London-based practice, Tonkin Liu has completed ‘Wall of Energy’ — sculptural wall for the new low-carbon energy centre in Manchester — and a new 40-metre-tall flute tower, referred to as ‘Tower of Light’.
The team won a design competition back in 2017, based on a Shell Lace Structure, a construction technique pioneered by Tonkin Liu and developed in collaboration with engineers at Arup. The biomimetic architecture is built on the decade-long innovation and research which Tonkin Liu has developed using their methodology of ‘Asking, Looking, Playing, Making’, giving the practice a toolkit for exploration, investigation, and experimentation.
For the architects, “how the proposals could utilise the idea of rotation and energy to make a city-scale artwork,” became the starting point for the project. For the flute tower, the firm drew inspiration from the brick chimney stacks of Hampton court and Cholla desert cactus, to develop strategies for creating a delicate structure while using minimal materials.
The Tower of Light is built using super-thin-single-surface structure that uses 6 and 8mm thick flat steel sheets; tailored, laser-cut, then welded together to create a super stiff strong surface. The Shell Lace Structure technique combines digital fabrication methods of shell design with traditional craft of tailoring, resulting in free organic forms.
“Modern methods of construction using advanced digital modelling, analysis, and fabrication, combined with principles of tailoring, have made the Shell Lace Structure innovation possible. This is the largest built Shell Lace Structure to date,” explains Tonkin Liu Architects.
The other half of the project, Wall of Energy is a 63-metre-long and 4 to 6-metre-high street façade for the new energy centre. The face is composed of glazed ceramic tiles which draw inspiration from the Manchester’s terracotta heritage; its sculptural tessellated form that changes across its curved surface.
A total of 1371 tiles of interlocking lozenge tile pattern and 31 different types evoke the dynamic energy of earth’s movements, as seen on sands left by ocean waves.
The CHP engine and boilers are housed within this sculptural wall, marking a prominent new gateway into Manchester’s historic district. Ribbon windows allow the inner working of the energy centre to be visible to public, communicating the story of the production and local distribution of efficient energy.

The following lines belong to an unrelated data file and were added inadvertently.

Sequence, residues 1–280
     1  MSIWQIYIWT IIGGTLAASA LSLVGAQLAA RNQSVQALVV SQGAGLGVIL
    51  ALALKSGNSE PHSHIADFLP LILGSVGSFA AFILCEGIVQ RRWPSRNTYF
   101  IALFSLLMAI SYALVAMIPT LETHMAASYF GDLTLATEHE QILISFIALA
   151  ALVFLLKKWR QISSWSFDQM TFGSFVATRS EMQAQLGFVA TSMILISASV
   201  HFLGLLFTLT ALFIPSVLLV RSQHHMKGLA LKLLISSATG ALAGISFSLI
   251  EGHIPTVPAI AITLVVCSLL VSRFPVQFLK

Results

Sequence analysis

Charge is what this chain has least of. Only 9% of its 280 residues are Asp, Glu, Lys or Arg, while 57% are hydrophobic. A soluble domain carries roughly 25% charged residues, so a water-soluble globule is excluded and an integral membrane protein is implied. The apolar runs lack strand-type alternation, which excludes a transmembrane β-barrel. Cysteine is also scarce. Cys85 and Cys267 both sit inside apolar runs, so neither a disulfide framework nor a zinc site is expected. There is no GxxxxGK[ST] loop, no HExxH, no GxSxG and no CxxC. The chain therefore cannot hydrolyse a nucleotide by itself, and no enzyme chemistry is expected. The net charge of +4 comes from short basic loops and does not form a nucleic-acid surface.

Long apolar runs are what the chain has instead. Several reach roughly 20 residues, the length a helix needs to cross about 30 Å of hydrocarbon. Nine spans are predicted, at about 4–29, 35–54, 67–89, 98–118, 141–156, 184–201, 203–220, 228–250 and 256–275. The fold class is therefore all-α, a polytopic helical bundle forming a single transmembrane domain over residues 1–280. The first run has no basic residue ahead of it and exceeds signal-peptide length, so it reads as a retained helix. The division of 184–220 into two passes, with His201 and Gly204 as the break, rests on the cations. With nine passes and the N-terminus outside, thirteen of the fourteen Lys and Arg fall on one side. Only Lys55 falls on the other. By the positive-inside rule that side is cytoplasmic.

According to the architects, the façade was “fabricated by Shawton Engineering,” where the final stitch-welding was reserved for the most experienced hands of two veteran welders. The ceramic tiles were fabricated by one of the UK’s oldest terracotta companies, Darwen Terracotta.
Tracey Rawlins, Executive Member for Environment for Manchester City Council, “The Civic Quarter Heat Network is a trailblazing system which demonstrates Manchester’s determination to cut our carbon emissions. As a Council we are committed to playing our full part in limiting the impacts of climate change as the city strives to become zero carbon by 2038 – at least 12 years ahead of the national target. It’s a complex challenge but ambitious projects such as this network show that we are taking action to rise to it. As well as looking beautiful, we hope that the Tower of Light will be a beacon for this kind of work.”
The towers are designed to minimise the energy usage, especially during the daytime, when polished reflectors inside the towers in the wind, to reflect sunlight into the towers chambers. During the night, LED lights create animated, programmed light sequence, marking the passage of time.
Tonkin Liu has successfully delivered a significant piece of the city’s infrastructure which is sculptural and ditches the bland functional form often associated with such projects. The striking tower is a reminder of the city’s ambition of becoming zero carbon by 2038, while inspiring the future generations.
Project name: Tower of Light and Wall of Energy
Project address: Manchester Civic Quarter Heat Network & Energi Centre, Lower Mosley Street, Manchester, M1 5HA
Gross area: Tower of Light = L 6.2m x W 3.8m x H 39.2m, Wall of Energy = 63.4m long, 349sqm, 1373no. tiles, 31no. tile types
Project cost: Confidential
Start Date: Design Competition won October 2017
Completion: 14th October 2021 Tower of Light ceremony, February 2022 Official Opening new energy centre.
Client: Julian Packer, Manchester City Council, Phil Mottershead, Vital
Engineer: Chris, Structural Engineer, Arup
Fabricator: Jamie Shaw, Director, Shawton’s Engineering, Jon Wilson, Director, Darwen Terracotta
Photography: David Valinsky, Matthew Burnett, Mike Tonkin